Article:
According to a German court, the BND must not store the metadata of international phone calls for the purpose of intelligence analysis.
Just a week ago, we discussed the German Government is preparing a law that will force hardware vendors to include a backdoor in their products and to allow its unit to hack back, now German court rules against foreign intelligence mass communication surveillance.
According to the court, the German foreign intelligence agency (BND) must not store the metadata of international phone calls for the purpose of intelligence analysis.
In April 2016, the German government replaced the head of the external intelligence service after a barrage of criticism over the support offered by the Bundesnachrichtendienst (BND) to the NSA in spying activities on European targets.
In June 2016, the government of Berlin approved new measures to rein in the activities of BND agency after its scandalous support to NSA surveillance activity.
In June 2015, Wikileaks released another collection of documents on the extended economic espionage activity conducted by the NSA in Germany. The cyber the spies were particularly interested in the Greek debt crisis. The US intelligence targeted German government representatives due to their privileged position in the negotiations between Greece and the UE.
Germany had reacted with outrage when Snowden leaked documents that demonstrate the surveillance activity, in response, the Chancellor Merkel proposed the establishment of an external watchdog panel of jurists in order to evaluate the activities of the intelligence agency.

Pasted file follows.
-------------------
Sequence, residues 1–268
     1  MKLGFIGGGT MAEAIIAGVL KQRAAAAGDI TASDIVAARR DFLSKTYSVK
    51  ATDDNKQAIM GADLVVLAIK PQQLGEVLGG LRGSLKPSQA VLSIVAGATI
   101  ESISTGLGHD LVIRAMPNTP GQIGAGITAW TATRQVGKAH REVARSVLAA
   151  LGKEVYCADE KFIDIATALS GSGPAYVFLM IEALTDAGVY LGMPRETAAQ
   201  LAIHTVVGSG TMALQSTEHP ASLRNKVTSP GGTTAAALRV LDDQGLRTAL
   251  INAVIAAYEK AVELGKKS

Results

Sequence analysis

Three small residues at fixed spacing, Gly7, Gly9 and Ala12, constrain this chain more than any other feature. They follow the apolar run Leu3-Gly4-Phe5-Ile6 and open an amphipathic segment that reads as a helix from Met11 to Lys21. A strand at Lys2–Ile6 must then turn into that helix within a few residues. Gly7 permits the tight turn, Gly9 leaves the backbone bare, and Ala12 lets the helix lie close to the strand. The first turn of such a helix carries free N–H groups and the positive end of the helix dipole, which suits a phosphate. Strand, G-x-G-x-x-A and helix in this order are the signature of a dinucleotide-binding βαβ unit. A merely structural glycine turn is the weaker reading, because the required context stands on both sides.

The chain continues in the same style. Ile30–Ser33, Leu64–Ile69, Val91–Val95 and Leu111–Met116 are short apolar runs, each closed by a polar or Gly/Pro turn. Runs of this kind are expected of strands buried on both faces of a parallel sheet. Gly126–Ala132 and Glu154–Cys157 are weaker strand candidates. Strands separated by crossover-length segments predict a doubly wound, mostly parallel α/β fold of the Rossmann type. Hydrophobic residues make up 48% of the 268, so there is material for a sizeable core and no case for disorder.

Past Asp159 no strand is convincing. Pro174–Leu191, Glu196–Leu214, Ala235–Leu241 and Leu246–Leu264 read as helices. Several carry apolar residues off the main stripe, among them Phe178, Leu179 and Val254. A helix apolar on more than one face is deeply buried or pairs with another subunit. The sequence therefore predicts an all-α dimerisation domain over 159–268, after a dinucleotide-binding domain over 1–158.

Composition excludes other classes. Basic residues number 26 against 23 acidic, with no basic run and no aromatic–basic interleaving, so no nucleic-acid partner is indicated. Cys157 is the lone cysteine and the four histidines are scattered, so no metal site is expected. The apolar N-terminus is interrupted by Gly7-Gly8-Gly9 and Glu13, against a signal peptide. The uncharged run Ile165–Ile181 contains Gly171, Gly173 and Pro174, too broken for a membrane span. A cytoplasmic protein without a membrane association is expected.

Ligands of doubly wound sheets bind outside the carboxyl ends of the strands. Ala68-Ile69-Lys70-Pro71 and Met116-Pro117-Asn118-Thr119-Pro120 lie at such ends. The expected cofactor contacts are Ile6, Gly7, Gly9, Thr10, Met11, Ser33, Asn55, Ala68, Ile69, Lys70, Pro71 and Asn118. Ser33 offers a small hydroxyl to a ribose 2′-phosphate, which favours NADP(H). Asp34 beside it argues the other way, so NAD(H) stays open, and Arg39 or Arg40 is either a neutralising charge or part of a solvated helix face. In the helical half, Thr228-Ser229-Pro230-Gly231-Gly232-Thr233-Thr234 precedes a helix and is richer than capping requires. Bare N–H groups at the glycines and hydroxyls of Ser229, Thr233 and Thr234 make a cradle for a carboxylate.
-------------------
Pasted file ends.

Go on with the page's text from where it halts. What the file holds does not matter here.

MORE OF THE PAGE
“Spying on friends is not on at all” said the Chancellor Merkel at the time.
“Surveillance is a sensitive issue in Germany after the abuses by the Gestapo during the Nazi era and the Stasi in Communist East Germany during the Cold War. Whistleblower Edward Snowden’s revelations about the United States spying on Germany also caused upset.” reports the Reuters Agency.
In 2015, the Media freedom organization Reporters Without Borders filed a lawsuit against the BND accusing it to have breached the organization’s secrecy and harmed the partners and reporters it worked with.
“The verdict shows that it pays off when human rights organizations defend themselves against the mass storage of data by the BND,” said Christian Mihr, Reporters Without Borders director in Berlin.
The Reuters agency asked about the ruling and the BND said it would wait for the final verdict’s legal justification.
(Security Affairs – BND, surveillance)
The post Germany – Court rules against foreign intelligence agency (BND) surveillance appeared first on Security Affairs.